Why does George Anastaplo’s moral courage matter for us today? Because we are enduring another age of ideological zealotry, coupled with demands to “sign or resign.” Or never be hired in the first place.
Today’s clearest analogy to anti-communist oaths are those demanding adherence to statements of “Diversity, Equity, and Inclusion.” The crucial point here is not the specific content of DEI statements. You might agree or disagree with them. The crucial point is that it is improper to make these demands for political conformity.
Such demands are, unfortunately, commonplace on university campuses. So are the bureaucracies that enforce them. Those demands and those bureaucracies are antithetical to the basic mission of a university, where freedom of expression and diversity of viewpoint should be core values, vigorously protected.
Instead, every university has its burgeoning DEI bureaucracy, which writes these statements, runs seminars to indoctrinate students, staff, and faculty, and punishes the recalcitrant. Many departments won’t even consider hiring someone who refuses to kneel in obedience.
Here, for example, is Berkeley’s “Rubric for Assessing Candidate Contributions to Diversity, Equity, Inclusion, and Belonging,” which it urges departmental search committees to use. (“Belonging” is a nice additional touch, isn’t it?) Note that voters in Deep Blue California strongly favor “merit” and have twice rejected any racial advantages in admissions. They are clearly opposed to what the university administrators are trying to impose here. No matter. Being a bureaucrat means never having to say you are sorry – or paying any attention to the desires of the taxpayers who pay your salary.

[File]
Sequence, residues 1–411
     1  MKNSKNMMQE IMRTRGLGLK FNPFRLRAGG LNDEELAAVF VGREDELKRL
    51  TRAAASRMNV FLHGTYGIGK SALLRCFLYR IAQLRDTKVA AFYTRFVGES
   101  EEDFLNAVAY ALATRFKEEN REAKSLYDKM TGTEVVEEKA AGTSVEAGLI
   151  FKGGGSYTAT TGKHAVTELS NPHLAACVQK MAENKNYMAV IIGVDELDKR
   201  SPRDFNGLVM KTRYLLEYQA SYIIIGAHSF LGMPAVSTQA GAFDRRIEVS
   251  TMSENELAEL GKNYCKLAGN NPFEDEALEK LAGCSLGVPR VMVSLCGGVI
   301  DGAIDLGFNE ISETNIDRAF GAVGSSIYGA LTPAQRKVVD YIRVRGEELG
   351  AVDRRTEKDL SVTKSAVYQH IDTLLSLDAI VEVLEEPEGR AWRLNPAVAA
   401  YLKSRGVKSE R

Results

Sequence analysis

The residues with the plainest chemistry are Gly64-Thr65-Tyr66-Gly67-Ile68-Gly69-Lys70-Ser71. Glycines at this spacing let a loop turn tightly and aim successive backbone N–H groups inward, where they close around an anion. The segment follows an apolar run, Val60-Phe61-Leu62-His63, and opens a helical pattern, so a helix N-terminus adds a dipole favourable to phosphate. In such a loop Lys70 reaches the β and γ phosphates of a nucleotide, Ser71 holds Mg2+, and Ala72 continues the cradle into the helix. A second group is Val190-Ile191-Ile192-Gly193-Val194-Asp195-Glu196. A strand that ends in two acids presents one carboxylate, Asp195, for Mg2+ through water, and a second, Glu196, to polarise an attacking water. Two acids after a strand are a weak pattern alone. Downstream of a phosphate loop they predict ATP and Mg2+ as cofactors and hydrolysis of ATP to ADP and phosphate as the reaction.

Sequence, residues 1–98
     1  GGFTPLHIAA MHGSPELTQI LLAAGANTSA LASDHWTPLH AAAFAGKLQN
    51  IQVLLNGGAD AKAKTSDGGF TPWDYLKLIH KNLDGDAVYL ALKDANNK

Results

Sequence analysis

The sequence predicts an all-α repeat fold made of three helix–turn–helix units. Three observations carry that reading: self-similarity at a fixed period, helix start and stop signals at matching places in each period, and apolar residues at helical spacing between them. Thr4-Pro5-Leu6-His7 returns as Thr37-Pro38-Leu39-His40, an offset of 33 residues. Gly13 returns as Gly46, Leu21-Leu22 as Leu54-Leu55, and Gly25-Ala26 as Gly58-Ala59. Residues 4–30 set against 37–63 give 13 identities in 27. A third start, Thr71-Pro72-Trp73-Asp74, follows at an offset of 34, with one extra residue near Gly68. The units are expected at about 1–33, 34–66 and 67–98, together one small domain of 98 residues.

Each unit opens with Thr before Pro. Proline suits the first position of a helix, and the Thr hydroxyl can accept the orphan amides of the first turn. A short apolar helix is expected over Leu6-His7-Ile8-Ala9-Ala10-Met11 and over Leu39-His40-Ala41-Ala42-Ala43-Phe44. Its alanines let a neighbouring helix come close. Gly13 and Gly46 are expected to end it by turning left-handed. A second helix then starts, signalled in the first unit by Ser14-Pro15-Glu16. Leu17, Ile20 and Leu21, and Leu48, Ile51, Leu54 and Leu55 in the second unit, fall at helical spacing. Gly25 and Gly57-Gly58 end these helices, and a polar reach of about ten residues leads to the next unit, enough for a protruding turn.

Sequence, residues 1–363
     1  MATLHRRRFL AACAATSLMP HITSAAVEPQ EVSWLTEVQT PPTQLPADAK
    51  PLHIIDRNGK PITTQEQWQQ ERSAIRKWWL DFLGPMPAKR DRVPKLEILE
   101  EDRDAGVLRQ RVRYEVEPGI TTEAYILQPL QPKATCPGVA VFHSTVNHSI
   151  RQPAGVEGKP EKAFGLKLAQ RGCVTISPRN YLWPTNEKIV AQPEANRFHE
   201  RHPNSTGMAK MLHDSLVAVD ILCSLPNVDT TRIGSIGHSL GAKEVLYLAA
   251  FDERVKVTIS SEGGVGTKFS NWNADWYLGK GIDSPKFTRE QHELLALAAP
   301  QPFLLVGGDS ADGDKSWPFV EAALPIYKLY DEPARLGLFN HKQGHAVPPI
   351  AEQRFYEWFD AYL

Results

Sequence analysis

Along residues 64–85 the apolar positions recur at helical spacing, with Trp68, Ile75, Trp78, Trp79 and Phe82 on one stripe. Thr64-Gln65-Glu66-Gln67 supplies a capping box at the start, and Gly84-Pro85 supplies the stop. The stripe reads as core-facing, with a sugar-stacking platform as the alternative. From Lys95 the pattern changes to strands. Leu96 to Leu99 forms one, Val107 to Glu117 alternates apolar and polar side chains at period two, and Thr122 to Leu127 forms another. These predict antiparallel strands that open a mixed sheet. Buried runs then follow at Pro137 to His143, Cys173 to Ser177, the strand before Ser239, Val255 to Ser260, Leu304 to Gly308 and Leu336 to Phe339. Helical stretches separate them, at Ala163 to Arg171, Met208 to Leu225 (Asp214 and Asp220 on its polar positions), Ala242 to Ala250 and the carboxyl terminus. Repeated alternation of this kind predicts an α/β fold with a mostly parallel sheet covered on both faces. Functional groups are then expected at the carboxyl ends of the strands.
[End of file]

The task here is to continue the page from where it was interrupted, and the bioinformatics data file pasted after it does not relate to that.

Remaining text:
Another recent example comes from George Anastaplo’s home state, from one of the country’s great research institutions, the University of Illinois Urbana-Champaign. The top academic officer there, Provost Andreas Cangellaris, recently announced that the university “will soon require all faculty members to submit a diversity statement to be considered for tenure or promotion.” So, if you study quantum physics, organic chemistry, statistics, or artificial intelligence, you must pledge allegiance to an ideological statement far removed from your field of academic excellence. Until now, the university had been requiring DEI statements on a “voluntary basis.” Yeah, sure. Imagine refusing and trying to get hired?
I know what my friend George Anastaplo would do because he already did it. He would refuse to buckle to the DEI bureaucrats. He would fight the good fight all the way to the Supreme Court, if necessary, where today’s justices might listen more closely to Hugo Black’s powerful dissent:
The entire course of [George Anastaplo’s] life, as disclosed by the record, has been one of devotion and service to his country-first, in his willingness to defend its security at the risk of his own life in time of war and, later, in his willingness to defend its freedoms at the risk of his professional career in time of peace. The one and only time in which he has come into conflict with the Government is when he refused to answer the questions put to him by the Committee about his beliefs and associations. And I think the record clearly shows that conflict resulted, not from any fear on Anastaplo's part to divulge his own political activities, but from a sincere, and in my judgment correct, conviction that the preservation of this country's freedom depends upon adherence to our Bill of Rights.
We need a lot more people like George Anastaplo, and a lot fewer like Andreas Cangellaris and his heavy-handed cadre of DEI enforcers. We need a lot more people with George Anastaplo’s integrity in public and private universities, in K-12 schools, and in private businesses and nonprofits. His courage and his reverence for America’s Constitution are an enduring model.